The river vistas along the Mississippi and St. Croix rivers burst with color this time of year. Depart from Harriet Island in St. Paul and see the changing leaves from the water during a Padelford Riverboat “Fall Sightseeing Cruise” ($20-plus tax and port fee for adults; $10 for kids 3-12).
If you’d rather experience the view from a canoe (or kayak), you can rent a boat at Taylors Falls Canoe and Kayak Rental, about an hour’s drive from the Twin Cities. The most popular trips last anywhere from two to six hours, and start in Taylors Falls then continue downstream on the St. Croix—an easy class-1 river, with no rapids—to either the Osceola Landing or William O’Brien State Park. Keep an eye out for beaver, otters, white-tailed deer, and bald eagles. Local one-way canoe or kayak rentals are available seven days a week. One-way trips start at $45-plus tax (walk-in price); $40-plus tax if you buy online. Group and military discounts are available.
Located just two hours west of the Twin Cities on the shore of Lake Darling, beautiful fall scenery is worth a trip along I-94 to Arrowwood Resort and Conference Center in Alexandria. In addition to prime color viewing, Arrowwood guests can enjoy the indoor waterpark, on-site spa, scenic 18-hole golf course, horseback riding, seasonal hayrides, evening bonfires, and much more. Accommodations range from lodge rooms and suites with lakefront views to luxurious four bedroom townhomes.
In the autumn months, the Mille Lacs area really comes alive. Not only are the fish biting in Mille Lacs, the state’s second largest lake (home to 40 species of fish, including walleye, smallmouth bass, northern pike, perch, and muskies), but the state park campgrounds, golf courses, hiking and biking trails, and small-town attractions are at their prime. The weather is perfect when the leaves are at their peak—not-too-hot and not-too-cold, there are fewer crowds, and many places offer seasonal discounts.
New England might get credit for having the best fall color, but autumn on the North Shore is equally beautiful. Stay in a cozy lodge room, cabin, or lake home at Grand Superior Lodge, a pretty drive along Scenic Highway 61, just north of Two Harbors. The beauty of Mother Nature is minutes from your door at Gooseberry Falls State Park, on the Superior Hiking Trail, along the Gitchi-Gami Bike Trail, and at the historic Split Rock Lighthouse. The Castle Danger Trailhead is just two miles away, with stunning Lake Superior overlooks from the top of Wolf Rock. Reserve a complimentary canoe for a peaceful morning ride on Lake Superior, and warm up by a beach bonfire at night.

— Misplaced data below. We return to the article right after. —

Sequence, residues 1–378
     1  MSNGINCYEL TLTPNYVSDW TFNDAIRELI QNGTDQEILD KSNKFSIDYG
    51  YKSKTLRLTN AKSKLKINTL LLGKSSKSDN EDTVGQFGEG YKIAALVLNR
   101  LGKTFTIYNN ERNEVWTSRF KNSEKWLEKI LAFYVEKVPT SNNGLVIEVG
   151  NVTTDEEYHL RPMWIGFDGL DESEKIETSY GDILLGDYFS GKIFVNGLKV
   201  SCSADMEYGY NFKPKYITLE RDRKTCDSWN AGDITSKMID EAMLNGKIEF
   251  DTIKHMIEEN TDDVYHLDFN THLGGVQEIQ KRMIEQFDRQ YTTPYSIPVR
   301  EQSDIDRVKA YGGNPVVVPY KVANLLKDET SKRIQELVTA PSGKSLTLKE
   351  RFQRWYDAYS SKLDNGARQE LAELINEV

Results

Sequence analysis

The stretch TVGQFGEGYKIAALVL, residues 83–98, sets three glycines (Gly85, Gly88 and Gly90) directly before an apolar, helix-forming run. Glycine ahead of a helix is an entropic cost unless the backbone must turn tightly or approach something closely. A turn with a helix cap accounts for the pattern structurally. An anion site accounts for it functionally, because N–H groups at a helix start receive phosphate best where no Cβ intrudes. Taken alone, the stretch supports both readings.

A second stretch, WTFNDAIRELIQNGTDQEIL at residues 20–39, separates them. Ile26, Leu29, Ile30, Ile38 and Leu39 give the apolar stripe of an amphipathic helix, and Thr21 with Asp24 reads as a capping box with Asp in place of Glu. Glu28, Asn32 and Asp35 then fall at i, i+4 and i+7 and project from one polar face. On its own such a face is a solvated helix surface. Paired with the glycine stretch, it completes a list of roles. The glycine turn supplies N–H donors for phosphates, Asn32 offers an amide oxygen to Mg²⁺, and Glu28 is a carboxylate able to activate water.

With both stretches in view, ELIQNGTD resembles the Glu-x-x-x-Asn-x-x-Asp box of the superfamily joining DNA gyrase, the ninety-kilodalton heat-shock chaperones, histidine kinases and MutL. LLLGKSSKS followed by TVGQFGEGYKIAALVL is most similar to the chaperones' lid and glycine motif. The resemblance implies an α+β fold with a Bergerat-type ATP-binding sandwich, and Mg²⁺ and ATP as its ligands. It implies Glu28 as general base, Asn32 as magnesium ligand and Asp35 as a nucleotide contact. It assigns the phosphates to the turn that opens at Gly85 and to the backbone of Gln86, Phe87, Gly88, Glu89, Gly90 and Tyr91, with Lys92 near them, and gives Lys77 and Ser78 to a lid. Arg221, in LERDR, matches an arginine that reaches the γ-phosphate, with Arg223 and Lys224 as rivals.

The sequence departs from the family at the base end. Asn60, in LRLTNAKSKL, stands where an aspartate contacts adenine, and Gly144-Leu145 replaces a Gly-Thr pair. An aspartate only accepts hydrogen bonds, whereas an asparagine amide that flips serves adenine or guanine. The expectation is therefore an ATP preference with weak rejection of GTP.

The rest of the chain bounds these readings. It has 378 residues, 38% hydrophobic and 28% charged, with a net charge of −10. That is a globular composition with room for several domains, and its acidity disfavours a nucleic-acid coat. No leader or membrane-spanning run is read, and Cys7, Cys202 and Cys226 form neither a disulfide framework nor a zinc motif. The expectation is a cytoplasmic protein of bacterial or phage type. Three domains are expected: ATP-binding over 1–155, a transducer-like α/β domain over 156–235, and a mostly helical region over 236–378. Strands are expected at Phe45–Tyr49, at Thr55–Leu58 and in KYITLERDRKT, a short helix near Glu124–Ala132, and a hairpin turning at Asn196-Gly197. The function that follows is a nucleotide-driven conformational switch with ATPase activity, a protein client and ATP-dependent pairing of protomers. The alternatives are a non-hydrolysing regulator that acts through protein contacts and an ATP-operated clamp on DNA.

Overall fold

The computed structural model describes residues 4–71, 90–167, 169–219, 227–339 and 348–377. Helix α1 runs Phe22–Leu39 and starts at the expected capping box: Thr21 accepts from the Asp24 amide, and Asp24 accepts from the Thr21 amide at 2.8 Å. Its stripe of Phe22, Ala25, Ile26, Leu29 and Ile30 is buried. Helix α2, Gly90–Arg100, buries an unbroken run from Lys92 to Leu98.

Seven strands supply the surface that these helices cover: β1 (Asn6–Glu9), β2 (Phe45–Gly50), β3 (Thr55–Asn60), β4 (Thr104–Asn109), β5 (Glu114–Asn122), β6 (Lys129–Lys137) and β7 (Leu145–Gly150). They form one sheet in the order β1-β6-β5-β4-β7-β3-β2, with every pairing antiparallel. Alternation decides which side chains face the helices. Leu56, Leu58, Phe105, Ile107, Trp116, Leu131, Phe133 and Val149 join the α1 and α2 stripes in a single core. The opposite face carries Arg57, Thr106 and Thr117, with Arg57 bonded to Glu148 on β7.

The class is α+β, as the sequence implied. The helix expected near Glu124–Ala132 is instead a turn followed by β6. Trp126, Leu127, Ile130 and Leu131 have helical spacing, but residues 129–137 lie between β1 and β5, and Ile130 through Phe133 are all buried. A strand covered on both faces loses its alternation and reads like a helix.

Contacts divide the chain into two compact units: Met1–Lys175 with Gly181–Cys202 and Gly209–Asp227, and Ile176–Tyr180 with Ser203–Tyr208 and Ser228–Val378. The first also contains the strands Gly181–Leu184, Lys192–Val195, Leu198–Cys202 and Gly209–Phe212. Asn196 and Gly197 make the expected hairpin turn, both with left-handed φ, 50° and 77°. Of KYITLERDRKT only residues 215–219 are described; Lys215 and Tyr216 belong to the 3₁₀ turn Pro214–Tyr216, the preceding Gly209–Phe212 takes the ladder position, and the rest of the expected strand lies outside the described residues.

The cool lake breeze, backdrop of blazing maples and golden birch, and dazzling blue horizon of Lake Superior makes autumn the most “breathtaking time of year” at the Bluefin Bay Family of Resorts, says Lori Schaefer, marketing director.
Sisters resorts Bluefin Bay on Lake Superior and Surfside on Lake Superior—both located in the Lutsen-Tofte area—are perfectly situated as not only an outdoor enthusiast’s paradise, close to the Superior Hiking Trail, Superior National Golf Course, Carlton Peak, Oberg Mountain, and Tofte Charters (complimentary kayak, bike, and canoe rentals are offered to guests), but also as romantic destinations. Book the Romance Package this fall and enjoy breakfast, a candlelight dinner, and optional add-ons like in-room appetizers, a couple’s massage, and a rose-petal welcome.
Guests can receive color-viewing updates, and take advantage of complimentary shuttles to area trailheads and daily-guided hikes. Lutsen Mountain Ski Area is a short drive away, with excellent mountain biking terrain and beautiful Mountain Tram views of the changing leaves. According to Schaefer, “Visitors can’t help but to pause a bit, breathe deep, and simply absorb this incredible beauty.”
A private cobblestone beach is just part of the charm of the clean, reasonably priced, and smoke-free Best Western Superior Inn & Suites, located in Grand Marais. During the day, stroll along the shore of Lake Superior; at night, sleep with your windows open and listen to the waves lap against the rocky shoreline. (Many of the rooms have a private balcony overlooking the lake.) Stay in the Renewal Steam Suites, featuring a luxurious, spacious walk-in shower with five showerheads, a steam unit, built-in tiled bench, and a picture window offering dramatic views of Lake Superior. The hotel is conveniently located within walking distance of Grand Marais restaurants, shops, and galleries, only two blocks from the North House Folk School, and close to the Gunflint Trail, Sawtooth Mountains, and kayaking or canoeing adventures. Visit from Oct. 19-21 for the Grand Marais Moose Madness Family Festival, a family-friendly weekend including a scavenger hunt, moose-themed activities, a race, and much more.